The latest from the Met ... STEM Dance ... Urban Resource Institute

A controversial new admissions policy did not prevent the Metropolitan Museum of Art in New York City from receiving a record amount of vistors last year.
A controversial new admissions policy did not prevent the Metropolitan Museum of Art in New York City from receiving a record amount of vistors last year.
Shutterstock
A controversial new admissions policy did not prevent the Metropolitan Museum of Art in New York City from receiving a record amount of vistors last year.

The latest from the Met ... STEM Dance ... Urban Resource Institute

Updates from nonprofits across New York state.
July 10, 2018

Dance Magazine shined the limelight on STEM From Dance. The New York City-based nonprofit teaches teen girls of color how to prepare for science-based careers through dance. A feeling of community plays an important role in giving teens the confidence to pursue careers in fields long-dominated by men. The girls also do the choreography and much of the stage management and costumes. But the name of the nonprofit can be taken literally, Dance reports.

It’s all taught by Yamilee Toussaint, an MIT graduate who founded the nonprofit.

“Movement is also used to teach certain STEM concepts, drawing on the students' penchant for kinesthetic learning. For instance, the concept of loops in coding: ‘It's a sort of code that's repeated over and over again, and a similar concept in dance is a canon,’ says Toussaint. So, when teaching loops, they'll have students practice a canon, repeating a set of movements across the group.”

 

The East Harlem Community Health Committee issued a statement blasting the Trump Administration’s forced separations of migrant children at the southern border – adding another voice to the chorus emphasizing how the policy has affected children’s mental health.

“The intense trauma and long term psychological impact of this forced separation cannot be overstated and builds upon the pre-existing baseline of significant trauma experienced by the children and their families as a result of the situation in their home countries from which they are seeking refuge and as a result of a long, dangerous and frequently violent migration to our border.

 

A controversial admissions policy did not keep the Metropolitan Museum of Art from seeing a record number of visitors in the past year. More than 7.35 million people visited the three locations of the Met – the flagship museum on Fifth Avenue, as well as The Met Cloisters, and The Met Breuer – despite the implementation of paid admissions for non-New York residents in the spring, The NonProfit Times reports.

Paid admission represented about 14 percent of overall revenue and in the past 13 years, the number of visitors who paid full admission declined by 73 percent, according to the museum,” the online news outlet writes.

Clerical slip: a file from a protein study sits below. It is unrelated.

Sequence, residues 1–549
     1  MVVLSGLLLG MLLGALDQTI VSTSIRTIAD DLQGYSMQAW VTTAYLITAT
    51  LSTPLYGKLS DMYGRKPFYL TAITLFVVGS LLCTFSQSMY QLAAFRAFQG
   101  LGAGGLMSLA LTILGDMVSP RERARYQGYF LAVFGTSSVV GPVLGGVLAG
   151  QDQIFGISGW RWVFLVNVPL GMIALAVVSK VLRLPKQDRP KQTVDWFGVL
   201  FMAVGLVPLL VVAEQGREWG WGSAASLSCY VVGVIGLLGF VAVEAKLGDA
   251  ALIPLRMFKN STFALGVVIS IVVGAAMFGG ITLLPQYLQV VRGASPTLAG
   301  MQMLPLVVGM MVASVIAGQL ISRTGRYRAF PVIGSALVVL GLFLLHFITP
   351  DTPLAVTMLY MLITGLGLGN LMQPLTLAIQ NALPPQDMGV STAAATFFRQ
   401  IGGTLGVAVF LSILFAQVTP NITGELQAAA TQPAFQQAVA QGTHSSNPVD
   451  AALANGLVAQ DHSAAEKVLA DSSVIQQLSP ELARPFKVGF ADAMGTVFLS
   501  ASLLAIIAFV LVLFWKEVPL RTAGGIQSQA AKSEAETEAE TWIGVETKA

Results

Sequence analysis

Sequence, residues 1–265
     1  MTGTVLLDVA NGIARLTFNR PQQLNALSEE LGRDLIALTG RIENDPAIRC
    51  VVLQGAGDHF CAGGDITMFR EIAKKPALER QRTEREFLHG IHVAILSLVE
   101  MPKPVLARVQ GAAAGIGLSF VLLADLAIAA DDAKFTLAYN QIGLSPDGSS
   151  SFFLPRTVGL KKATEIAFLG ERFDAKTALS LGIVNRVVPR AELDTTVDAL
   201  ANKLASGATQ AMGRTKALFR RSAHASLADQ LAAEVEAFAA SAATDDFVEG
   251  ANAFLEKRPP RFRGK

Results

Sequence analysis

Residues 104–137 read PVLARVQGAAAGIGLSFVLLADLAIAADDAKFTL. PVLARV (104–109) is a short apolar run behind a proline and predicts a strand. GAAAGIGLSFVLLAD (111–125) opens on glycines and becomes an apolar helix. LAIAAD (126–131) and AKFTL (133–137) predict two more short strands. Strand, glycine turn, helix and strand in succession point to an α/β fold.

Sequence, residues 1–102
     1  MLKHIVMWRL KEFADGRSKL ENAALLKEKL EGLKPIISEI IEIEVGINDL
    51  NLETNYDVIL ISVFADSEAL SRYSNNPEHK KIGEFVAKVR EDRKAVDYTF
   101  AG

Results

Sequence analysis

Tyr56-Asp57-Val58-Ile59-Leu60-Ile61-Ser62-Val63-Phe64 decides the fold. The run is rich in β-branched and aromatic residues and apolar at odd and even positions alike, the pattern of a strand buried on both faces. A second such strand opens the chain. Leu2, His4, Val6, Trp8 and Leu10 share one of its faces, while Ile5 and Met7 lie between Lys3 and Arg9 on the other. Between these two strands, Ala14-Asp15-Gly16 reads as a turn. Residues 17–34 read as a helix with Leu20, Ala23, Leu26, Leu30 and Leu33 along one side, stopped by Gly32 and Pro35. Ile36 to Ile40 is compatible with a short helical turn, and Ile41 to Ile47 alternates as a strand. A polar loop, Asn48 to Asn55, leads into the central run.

Here is Dan Weiss, president and CEO of the Metropolitan Museum of Art, explaining on WNYC’s The Brian Lehrer Show in January why the nonprofit implemented the new policy. It is an existential threat to the museum and the art world, according to New York Magazine art critic Jerry Saltz.

 

Urban Resource Institute and Center Against Domestic Violence are merging. They will operate under the name of the Institute, creating by fall 2018 what will be the largest provider of domestic violence shelter services nationwide – serving about 1,000 survivors and family – according to a July 2 press release.

“URI assumed management responsibilities of CADV on July 1st, 2017 with Nathaniel Fields as CEO, and has since completed a diligence and policy standardization process leading up to the official merger date of July 1,” the press release states.

 

There is a new member of the board of directors at Girls Who Code, a national nonprofit that works to close the gender gap in technology. Phil Shaw brings to the board 25 years of experience overseeing the day-to-day operations of TransPerfect, a New York City company that provides translation and other services.

“As we look to expand our reach to even more girls, Shaw’s expertise in translation and cultural nuances will be invaluable,” founder Reshma Saujani said in a July 9 press release.

 

And from City & State’s July 10, 2018 First Read newsletter ...

To Assemblywoman Diana Richardson, state Sen. Jesse Hamilton is a “not that bright” “Republican” who pays “blood money.” To Hamilton, Richardson is “controlled by the white-led Working Families Party” and is “selling out the black community for crumbs.”

The war of words between the two Central Brooklyn Democrats began Friday when Richardson praised Hamilton’s primary challenger, Zellnor Myrie, on Instagram (she insists it was not yet an endorsement). That night, an account called Woke Brooklyn sent an email accusing Richardson of “selling out” by not getting the Black History Education bill passed in the Assembly. Hamilton and Richardson both sponsored the bill, and appeared together backing it as recently as February.

Richardson claimed Hamilton was behind the Woke Brooklyn email, and on Sunday she posted a nearly 18-minute Facebook Live video attacking Hamilton, a former member of the Independent Democratic Conference, for its alliance with state Senate Republicans.

“It’s very important that everyone is well-aware of the dirty politics and just how disingenuous Jesse Hamilton is as a person overall,” Richardson told City & State. Hamilton couldn’t immediately be reached. Richardson had been mentioned as a possible challenger to Hamilton, who earned many enemies on the political left when he joined the IDC, but chose to run for re-election instead.

 

Send your press releases, photos, and word of your latest happenings to reporter Zach Williams at zwilliams@nynmedia.com.

Zach Williams
Zach Williams
is a staff reporter at New York Nonprofit Media and sister publication City & State.
20181211